Abraham Lincoln in Cincinnati--Anti-slavery Men--Emerson Facing a Mob--My Sermon against War--Outbreak of War--Delusions about Fort Sumter--Liberty in Peril--Sumner and Furness--Preachers-- Visit to Eagleswood--Meeting my Mother--The Virginia Convention--Wendell Phillips--The Bull Run Rout--Emerson and the Saturday Club--Horace Greeley--Frothingham and Beecher--My Lectures in Ohio-Hon. C. L. Vallandigham.
ONE warm evening in 1859, passing through the market-place in Cincinnati, I found there a crowd listening to a political speech in the open air. The speaker stood in the balcony of a small brick house, some lamps assisting the moonlight. I had not heard of any meeting, and paused on the skirts of the crowd from curiosity, meaning to stay only a few moments. Something about the speaker, however, and some words that reached me, led me to press nearer. I asked the speaker's name, and learned that it was Abraham Lincoln.
Browning's description of the German professor, "three parts sublime to one grotesque," was applicable to this man. The face had a battered and bronzed look, without being hard. His nose was prominent, and buttressed a strong and high forehead; his eyes were high-vaulted and had an expression of sadness; his mouth and chin were too close together, the cheeks hollow. On the whole Lincoln's appearance was not attractive until one heard his voice, which possessed variety of expression, earnestness and shrewdness in every tone. The charm of his manner was that he had no manner; he was simple, direct, humorous. He pleasantly repeated a mannerism of his opponent --"This is what Douglas calls his gur-reat per-rinciple"; but the next words I remember were these: "Slavery is wrong!"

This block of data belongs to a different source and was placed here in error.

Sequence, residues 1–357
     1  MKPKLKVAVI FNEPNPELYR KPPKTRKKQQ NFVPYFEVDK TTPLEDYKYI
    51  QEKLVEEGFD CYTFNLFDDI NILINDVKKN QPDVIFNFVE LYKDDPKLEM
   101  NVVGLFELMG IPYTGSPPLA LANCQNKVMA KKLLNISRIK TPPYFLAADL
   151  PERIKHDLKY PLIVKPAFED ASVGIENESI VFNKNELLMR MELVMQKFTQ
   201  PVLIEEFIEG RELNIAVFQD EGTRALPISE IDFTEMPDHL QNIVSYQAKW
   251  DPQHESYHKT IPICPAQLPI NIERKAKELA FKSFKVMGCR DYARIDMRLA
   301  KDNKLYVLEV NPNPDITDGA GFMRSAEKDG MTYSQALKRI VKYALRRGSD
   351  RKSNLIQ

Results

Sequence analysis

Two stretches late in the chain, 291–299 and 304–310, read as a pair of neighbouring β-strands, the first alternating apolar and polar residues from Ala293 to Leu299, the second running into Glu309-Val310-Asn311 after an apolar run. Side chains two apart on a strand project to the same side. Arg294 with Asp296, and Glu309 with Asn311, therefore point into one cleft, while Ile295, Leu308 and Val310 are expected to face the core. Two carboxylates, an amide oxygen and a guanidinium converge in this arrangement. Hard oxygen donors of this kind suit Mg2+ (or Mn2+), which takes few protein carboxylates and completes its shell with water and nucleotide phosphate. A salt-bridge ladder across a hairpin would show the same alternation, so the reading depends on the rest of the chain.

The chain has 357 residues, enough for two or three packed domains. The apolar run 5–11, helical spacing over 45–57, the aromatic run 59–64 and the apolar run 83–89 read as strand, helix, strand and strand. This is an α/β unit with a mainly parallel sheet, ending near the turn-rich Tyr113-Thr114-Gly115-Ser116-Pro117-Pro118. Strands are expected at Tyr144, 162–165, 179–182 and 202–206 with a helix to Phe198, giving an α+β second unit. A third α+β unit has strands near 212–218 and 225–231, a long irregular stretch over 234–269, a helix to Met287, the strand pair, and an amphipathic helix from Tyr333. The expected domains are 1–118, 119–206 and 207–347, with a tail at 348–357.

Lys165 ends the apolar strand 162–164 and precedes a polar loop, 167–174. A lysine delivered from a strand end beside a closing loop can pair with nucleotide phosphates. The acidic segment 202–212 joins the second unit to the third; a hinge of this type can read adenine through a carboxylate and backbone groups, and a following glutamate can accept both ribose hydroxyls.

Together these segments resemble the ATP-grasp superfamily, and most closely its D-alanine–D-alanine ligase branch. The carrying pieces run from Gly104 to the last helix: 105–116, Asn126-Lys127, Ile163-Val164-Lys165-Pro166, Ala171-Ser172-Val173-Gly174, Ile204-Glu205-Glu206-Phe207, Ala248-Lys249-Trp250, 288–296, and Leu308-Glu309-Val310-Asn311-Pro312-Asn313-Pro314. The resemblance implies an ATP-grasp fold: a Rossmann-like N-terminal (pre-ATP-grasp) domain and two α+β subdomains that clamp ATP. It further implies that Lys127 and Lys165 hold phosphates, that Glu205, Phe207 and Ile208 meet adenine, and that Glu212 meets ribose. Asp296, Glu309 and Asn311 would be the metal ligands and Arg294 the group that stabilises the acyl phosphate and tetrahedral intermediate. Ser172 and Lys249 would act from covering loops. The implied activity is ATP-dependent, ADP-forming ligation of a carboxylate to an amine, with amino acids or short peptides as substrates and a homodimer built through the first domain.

Cincinnati is separated from Kentucky only by the narrow Ohio, which is overlooked in its deep bed, so that the streets of the town on the Kentucky side appear as continuations of